“A single commissioner in the US is that it is not on the horizon, in my opinion, the Federal Trade Commission has been pulled into privacy regulation over the past five to six years. They are becoming more and more active and recently the new chairman announced what they called the privacy re-think and they are holding some roundtable discussions before and after Christmas to discuss privacy issues.”

So moving back to the CIPL, I asked Thomas and Treacy if its intention is to drive government(s) on issue(s) and lobby for policy? She responded by clearly claiming that the purpose of the CIPL is not to lobby but to work on an educational basis with legislators.

Thomas said: “What you want a think tank to do is to contribute ideas, contribute analysis and identify problems and I wouldn't be anywhere near this place if I thought they were saying ‘let's cut privacy laws, let's cut them back' - it is not that at all, it is about let's find privacy laws that work in practise that safeguard individuals' rights, that serve the purposes of the companies and organisations and respect civil society."

“My philosophy is not just getting the law right, it is a matter of behaving properly in your own self interest. I used the phrase 'enlightened self interest' because there are many benefits, tangible and intangible, to getting privacy right.”

So if its intention is not to enforce or lobby for policy, is it trying to enhance and improve existing laws? Thomas claimed that it was important for legislation to be less burdensome but to be made more internationally compatible.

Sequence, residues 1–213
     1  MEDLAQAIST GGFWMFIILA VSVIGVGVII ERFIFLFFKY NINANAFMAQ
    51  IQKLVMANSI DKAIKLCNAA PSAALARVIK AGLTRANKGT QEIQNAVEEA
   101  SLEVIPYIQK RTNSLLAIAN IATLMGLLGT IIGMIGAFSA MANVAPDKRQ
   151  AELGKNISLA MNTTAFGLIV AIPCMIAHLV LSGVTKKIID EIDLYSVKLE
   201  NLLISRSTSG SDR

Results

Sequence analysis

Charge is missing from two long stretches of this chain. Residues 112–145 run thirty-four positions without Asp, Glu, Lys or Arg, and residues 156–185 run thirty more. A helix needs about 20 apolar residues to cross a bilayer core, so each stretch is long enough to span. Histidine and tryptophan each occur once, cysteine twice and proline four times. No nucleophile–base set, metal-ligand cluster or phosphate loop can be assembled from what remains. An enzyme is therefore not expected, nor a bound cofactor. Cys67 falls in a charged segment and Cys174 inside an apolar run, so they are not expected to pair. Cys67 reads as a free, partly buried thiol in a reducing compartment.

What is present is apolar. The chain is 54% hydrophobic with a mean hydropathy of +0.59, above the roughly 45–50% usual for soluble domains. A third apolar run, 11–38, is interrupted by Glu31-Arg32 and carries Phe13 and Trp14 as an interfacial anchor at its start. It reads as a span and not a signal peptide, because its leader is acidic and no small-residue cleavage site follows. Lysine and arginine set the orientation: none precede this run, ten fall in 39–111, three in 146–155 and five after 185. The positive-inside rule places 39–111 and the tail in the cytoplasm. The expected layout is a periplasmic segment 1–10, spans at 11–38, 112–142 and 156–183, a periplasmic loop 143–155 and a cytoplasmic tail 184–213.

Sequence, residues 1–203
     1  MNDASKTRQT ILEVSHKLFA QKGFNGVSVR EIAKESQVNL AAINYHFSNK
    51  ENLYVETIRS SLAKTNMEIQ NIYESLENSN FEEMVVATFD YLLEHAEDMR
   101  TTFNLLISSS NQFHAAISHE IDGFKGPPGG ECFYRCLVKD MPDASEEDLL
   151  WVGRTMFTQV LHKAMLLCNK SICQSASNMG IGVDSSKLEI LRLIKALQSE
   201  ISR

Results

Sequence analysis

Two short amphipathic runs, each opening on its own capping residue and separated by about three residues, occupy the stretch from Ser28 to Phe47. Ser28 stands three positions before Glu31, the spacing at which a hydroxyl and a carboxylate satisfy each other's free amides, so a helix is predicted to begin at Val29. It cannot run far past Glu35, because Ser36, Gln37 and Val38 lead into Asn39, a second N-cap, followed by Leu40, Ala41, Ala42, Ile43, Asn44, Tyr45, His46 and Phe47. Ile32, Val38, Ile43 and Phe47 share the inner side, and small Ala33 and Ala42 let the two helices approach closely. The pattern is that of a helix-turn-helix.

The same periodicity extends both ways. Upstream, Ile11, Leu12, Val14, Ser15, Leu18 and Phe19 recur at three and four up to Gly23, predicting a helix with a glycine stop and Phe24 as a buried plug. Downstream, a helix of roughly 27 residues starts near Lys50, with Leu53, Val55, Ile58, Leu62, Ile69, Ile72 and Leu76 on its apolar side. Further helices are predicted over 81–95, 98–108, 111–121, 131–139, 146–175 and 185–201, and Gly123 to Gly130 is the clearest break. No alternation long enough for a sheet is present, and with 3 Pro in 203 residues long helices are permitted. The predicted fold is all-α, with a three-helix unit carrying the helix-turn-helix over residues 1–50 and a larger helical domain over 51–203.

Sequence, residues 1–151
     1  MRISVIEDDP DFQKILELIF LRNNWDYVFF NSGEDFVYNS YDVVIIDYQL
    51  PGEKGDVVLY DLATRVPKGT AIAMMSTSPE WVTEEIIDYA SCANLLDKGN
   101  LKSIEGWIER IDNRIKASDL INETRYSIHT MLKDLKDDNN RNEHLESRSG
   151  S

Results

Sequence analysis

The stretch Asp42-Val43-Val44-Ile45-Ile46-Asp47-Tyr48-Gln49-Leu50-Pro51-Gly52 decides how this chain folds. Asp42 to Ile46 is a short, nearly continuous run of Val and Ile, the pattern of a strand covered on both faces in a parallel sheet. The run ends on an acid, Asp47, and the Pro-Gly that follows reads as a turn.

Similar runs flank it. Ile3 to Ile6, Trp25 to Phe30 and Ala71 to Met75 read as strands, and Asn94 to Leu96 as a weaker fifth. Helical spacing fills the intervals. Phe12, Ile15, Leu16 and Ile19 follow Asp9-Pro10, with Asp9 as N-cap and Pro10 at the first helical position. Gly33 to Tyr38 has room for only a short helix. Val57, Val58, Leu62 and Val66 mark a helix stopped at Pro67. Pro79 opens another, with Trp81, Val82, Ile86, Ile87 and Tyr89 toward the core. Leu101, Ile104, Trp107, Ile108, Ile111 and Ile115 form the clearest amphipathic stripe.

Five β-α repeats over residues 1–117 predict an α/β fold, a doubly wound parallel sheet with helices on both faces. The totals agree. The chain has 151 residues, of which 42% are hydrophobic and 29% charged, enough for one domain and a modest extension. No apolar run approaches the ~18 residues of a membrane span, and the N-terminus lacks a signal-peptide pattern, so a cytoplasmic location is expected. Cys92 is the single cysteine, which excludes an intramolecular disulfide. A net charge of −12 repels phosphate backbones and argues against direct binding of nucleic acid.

Thomas said: “Data flows around the world now on imaginable scales and one of the problems with the European Data Protection Directive was that it was designed at a time when data didn't flow like that, it is what I call a mainframe directive. I stood up about two years ago and said that it was not fit for its purpose and I was quite critical of the European directive and it is moving towards reform.

“As well as looking for solutions that are less burdensome, we are trying to make the law more internationally compatible. It is no use complying with all of the data in Europe and finding that your data is in the US where there are completely different rules, that is a nightmare for everybody.”

Treacy said that while the centre is not lobbying, it has a strategy of achieving better laws and trying to ensure that regulation is workable. Treacy said: “The principles of good data protection are implemented in a way that companies can comply with and are realistic.

"Our new project on accountability, to which Richard will contribute, seeks to find common ground and a global solution to data protection regulation and governance.”